IF you want your marketing to make money for you, focus on your customers' feelings and beliefs. Unless you can convince them that you understand them and their problems - that you are empathetic - they are probably not going to buy from you.
The headline on one of my marketing pieces says, "Hiring a speaker is an awesome responsibility." It is. These days, if you hire the wrong speaker in a corporate job, you could end up in severe trouble.
Many professional speakers focus their marketing on themselves - how good they are, how successful. It works, but readers don't get the message that the speaker really knows who they are and can fill their needs. Your customers need to believe that you know, understand and care about them.
There is a good way to do this when you are writing or creating your marketing piece.
1. Make a list of the prospects' biggest problems from their point of view. (If you don't know what they are, ask them!)
2. Decide how these problems make your prospects feel. Tell a story about someone experiencing the same problem. What does this encounter look and sound like? What external and internal forces cause these feelings and sensations? Be really creative in putting yourself in the prospects' shoes.
3. Address those feelings. Write about your prospects' feelings and reactions. Prove to them that you understand and care. Then prove that you can solve the problem.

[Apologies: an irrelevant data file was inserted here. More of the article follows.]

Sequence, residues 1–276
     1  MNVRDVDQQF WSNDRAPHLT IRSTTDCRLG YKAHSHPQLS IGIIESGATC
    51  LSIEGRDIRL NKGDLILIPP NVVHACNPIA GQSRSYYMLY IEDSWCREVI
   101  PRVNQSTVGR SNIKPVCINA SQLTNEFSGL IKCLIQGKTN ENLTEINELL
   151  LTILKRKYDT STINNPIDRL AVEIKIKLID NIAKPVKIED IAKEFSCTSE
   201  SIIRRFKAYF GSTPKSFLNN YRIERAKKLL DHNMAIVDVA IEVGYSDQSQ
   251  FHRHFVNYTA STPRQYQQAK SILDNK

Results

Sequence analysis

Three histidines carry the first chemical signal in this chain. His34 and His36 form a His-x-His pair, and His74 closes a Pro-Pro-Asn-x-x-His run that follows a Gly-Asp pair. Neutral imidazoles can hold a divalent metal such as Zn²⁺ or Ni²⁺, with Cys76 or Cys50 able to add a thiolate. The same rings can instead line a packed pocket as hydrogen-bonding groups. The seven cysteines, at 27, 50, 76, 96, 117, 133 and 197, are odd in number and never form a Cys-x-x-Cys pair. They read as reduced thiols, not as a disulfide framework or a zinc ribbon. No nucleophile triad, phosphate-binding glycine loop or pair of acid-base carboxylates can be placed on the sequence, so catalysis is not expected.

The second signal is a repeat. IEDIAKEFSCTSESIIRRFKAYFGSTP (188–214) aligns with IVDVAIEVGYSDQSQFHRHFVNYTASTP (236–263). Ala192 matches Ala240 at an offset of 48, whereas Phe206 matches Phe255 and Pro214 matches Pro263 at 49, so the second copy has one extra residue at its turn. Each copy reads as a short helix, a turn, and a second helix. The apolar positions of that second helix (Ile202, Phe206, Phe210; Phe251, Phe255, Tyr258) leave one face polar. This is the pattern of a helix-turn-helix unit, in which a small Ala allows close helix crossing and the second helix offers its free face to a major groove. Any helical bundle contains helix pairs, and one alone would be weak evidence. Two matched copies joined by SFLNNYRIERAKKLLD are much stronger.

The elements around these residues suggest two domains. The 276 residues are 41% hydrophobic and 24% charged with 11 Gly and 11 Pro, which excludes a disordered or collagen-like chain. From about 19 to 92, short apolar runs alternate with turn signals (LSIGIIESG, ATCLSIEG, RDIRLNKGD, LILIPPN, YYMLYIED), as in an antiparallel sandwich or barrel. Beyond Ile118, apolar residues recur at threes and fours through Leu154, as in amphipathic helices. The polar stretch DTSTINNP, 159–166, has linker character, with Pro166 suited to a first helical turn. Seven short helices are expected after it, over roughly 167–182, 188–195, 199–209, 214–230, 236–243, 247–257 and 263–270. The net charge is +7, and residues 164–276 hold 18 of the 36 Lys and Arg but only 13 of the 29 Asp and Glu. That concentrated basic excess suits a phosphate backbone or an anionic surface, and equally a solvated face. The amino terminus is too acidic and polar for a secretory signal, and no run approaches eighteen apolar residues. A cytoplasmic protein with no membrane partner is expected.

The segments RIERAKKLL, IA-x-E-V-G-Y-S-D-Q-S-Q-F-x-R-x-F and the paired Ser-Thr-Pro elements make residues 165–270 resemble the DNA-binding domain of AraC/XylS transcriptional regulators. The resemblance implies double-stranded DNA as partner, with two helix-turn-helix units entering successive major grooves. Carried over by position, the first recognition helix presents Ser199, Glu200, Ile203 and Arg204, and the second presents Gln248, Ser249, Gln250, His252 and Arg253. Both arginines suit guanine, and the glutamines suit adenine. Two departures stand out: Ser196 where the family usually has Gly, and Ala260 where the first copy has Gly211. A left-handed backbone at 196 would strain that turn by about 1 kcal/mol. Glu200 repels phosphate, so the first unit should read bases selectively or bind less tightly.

Why be empathetic? When you just relate the facts - "We have a store at such-and-such location" or "We sell a product that does this and that" or "We are consultants in this field", you are implying that you are similar to everyone else. You make yourself an ordinary commodity. Do you know what people do with commodities? They try to get the lowest price.
So, when you market yourself, capitalise on your unique ability to understand and solve problems. It will greatly increase your client base and their loyalty to you.
As a side benefit, it will also help you get paid what you are worth. As noted businessman Nido Qubein says: "When you solve the problems that keep CEOs awake at night, they never ask you what you charge."